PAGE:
fractals, cellular automata, nanotechnology, and
Global Perspective
Develop open-mindedness, particularly regarding the values, traditions
of others
Study and understand non-western history, politics, religion, and culture
Develop facility with one or more international languages
Use technology to connect with people and events globally
Develop social and intellectual skills to navigate effectively across
Use 21st century skills to understand and address global issues
Learn from, and work collaboratively with, individuals from diverse
cultures, religions, and lifestyles in a spirit of mutual respect and open
Leverage social and cultural differences to create new ideas and achieve
Adaptability, Initiative, and Risk-Taking
Develop flexibility, agility, and adaptability
Bring a sense of courage to unfamiliar situations
Explore and experiment
Work effectively in a climate of ambiguity and changing priorities
View failure as an opportunity to learn, and acknowledge that
innovation involves small successes and frequent mistakes
Cultivate an independence of spirit to explore new roles, ideas, and
Develop entrepreneurial literacy
Use creativity and innovation to produce things that are unique and that
have value and meaning
Integrity and Ethical Decision-Making
Sustain an empathetic and compassionate outlook
Foster integrity, honesty, fairness, and respect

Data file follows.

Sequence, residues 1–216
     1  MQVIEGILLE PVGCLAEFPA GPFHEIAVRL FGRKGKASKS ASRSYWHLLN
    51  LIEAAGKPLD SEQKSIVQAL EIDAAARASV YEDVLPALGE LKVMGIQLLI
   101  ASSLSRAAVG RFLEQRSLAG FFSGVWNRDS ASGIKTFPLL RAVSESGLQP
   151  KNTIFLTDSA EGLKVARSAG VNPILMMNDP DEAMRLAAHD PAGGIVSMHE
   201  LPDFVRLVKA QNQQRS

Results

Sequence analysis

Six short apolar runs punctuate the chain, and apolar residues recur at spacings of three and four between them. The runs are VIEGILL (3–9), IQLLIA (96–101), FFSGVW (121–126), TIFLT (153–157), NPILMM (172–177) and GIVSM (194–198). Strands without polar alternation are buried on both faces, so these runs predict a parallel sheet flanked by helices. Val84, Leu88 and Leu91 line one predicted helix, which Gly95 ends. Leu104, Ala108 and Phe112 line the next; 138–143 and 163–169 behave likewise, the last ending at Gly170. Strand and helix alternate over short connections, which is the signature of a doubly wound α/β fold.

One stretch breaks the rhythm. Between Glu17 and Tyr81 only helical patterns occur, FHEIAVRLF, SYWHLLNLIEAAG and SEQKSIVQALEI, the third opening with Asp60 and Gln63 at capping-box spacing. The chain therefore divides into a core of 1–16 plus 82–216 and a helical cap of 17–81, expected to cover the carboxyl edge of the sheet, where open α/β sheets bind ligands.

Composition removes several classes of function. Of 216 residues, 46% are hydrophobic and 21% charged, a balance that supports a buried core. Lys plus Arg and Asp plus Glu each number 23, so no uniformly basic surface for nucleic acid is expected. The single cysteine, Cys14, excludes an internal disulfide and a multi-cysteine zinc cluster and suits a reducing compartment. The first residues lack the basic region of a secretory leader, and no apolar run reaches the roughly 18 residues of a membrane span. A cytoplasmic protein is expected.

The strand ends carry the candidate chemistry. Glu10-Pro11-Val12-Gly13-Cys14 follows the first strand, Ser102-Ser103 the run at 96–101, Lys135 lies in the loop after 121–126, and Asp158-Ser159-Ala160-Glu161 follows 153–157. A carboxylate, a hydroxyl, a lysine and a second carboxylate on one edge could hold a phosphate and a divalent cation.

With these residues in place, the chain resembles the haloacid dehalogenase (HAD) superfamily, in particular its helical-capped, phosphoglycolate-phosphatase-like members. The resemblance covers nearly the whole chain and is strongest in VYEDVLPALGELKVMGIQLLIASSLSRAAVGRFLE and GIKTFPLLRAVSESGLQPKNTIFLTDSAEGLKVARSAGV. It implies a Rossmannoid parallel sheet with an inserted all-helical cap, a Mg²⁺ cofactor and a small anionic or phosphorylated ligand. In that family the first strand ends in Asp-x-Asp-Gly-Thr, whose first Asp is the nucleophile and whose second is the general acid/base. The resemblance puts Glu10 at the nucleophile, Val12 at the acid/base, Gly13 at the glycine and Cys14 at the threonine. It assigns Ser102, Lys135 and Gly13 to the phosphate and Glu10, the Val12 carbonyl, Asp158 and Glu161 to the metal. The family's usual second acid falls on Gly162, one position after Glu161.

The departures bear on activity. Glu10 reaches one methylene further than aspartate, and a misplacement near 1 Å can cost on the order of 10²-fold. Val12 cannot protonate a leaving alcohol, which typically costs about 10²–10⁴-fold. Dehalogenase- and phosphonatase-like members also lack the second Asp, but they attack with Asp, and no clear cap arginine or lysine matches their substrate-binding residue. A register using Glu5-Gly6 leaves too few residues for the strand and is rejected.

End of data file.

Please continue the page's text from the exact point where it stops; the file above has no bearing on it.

Exhibit moral courage in confronting unjust situations
Act responsibly, with the interests and well-being of the
larger community in mind
Develop a fundamental understanding of emerging ethical
issues and dilemmas regarding new media and technologies
Make reasoned and ethical decisions in response to complex
How do you measure these?
What is the quality of the
In other words, How do we Assess
(the performance/outcome question)
Traditional Approaches
• Student assessment via teacher testing (informal
• Standardized normative testing (SATs, Advanced
Placement Exams, the IB exam & A-Levels)
Student assessment via formative testing
 ERB’s Childrens’ Progress Academic Assessment:
(preK-2) evaluates language arts literacy and
mathematics learning
 Measures of Academic Progress (MAP): MAP
assessments provide detailed, actionable data about
where each child is on their unique learning path.
 College and Work Readiness Assessment (CWRA):
measures how students perform on constructed
response tasks that require an integrated set of critical
thinking, analytic reasoning, problem solving, and
written communication skills
Student assessment via e-portfolios and
“demonstrations of learning”
“What we believe is that demonstrations of learning marry
skills with content, develop multiple intelligences, connect
thought with action and exemplify 21st century skills and
-- NAIS President Pat Bassett
By these demonstrations, schools…
 Reunite content and action.
 Backward-design curriculum from desired outcomes.